How does a single speed controller differ from an on-off and a proportional controller?

Thread Starter

rudha13

Joined Sep 6, 2015
14
Hello everyone...
In process control systems, I recently came across this topic and wasn't quite clear about the difference between a single speed controller and the two controllers mentioned above. How do they differ and what are the characteristics of an error encountered in such a system?
 

MaxHeadRoom

Joined Jul 18, 2013
19,771
ON/OFF is exactly that, no in between.
Proportional can take several forms, the common popular one is PWM, Pulse Width Modulated DC.
Max.
 

Thread Starter

rudha13

Joined Sep 6, 2015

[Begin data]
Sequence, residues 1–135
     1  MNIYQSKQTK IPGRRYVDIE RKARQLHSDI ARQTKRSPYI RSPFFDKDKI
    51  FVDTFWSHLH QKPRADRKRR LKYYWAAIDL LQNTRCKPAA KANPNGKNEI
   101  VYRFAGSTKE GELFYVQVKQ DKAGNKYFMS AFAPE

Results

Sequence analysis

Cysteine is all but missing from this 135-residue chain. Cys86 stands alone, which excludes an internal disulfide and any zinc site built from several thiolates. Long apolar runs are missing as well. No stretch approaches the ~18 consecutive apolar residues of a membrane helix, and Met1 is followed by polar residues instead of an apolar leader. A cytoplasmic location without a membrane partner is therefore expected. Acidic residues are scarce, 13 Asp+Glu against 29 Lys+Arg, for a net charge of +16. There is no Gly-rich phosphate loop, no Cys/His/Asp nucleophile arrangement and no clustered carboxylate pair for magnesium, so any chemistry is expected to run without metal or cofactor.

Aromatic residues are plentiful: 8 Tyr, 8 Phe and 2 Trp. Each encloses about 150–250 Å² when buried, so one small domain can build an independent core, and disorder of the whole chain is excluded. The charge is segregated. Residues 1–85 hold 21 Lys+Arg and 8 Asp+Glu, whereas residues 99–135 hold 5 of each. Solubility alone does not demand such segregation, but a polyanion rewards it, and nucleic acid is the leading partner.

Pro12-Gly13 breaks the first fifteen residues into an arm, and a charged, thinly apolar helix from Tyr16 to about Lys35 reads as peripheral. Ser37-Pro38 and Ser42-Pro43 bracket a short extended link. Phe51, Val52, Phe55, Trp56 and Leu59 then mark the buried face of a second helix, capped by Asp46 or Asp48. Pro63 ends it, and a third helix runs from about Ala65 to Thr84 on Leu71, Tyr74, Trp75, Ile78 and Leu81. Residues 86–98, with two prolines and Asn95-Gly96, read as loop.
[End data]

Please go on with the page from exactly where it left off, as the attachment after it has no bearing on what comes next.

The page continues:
14
ON/OFF is exactly that, no in between.
Proportional can take several forms, the common popular one is PWM, Pulse Width Modulated DC.
Max.
oh, ok... thank you for your answer, but with all due respect, can you tell me a bit more regarding this topic. This has definitely got me piqued ... thank you..!
 

mcasale

Joined Jul 18, 2011
210
To clarify a bit - on/off control, or bang/bang, is when the plant (the thing you are controlling) is driven by a full-on or a full-off signal. For example, in an oven controller the heater would be full on or off, depending on the error signal. If the oven was too cold, the heater would turn full on. If the oven was too hot, the heater would turn off.

A "proportional controller", or more accurately a PID (Proportional/Integral/Derivative) drives the plant with a signal that can be anywhere between full-on and full-off. Nowadays, the calculations are done with an MCU, which usually generates a PWM output signal.

The toughest part about any controller is modeling the plant. You need to (at least) approximate the plant's poles and zeros to ensure it is stable under expected conditions. This is NOT trivial.
 
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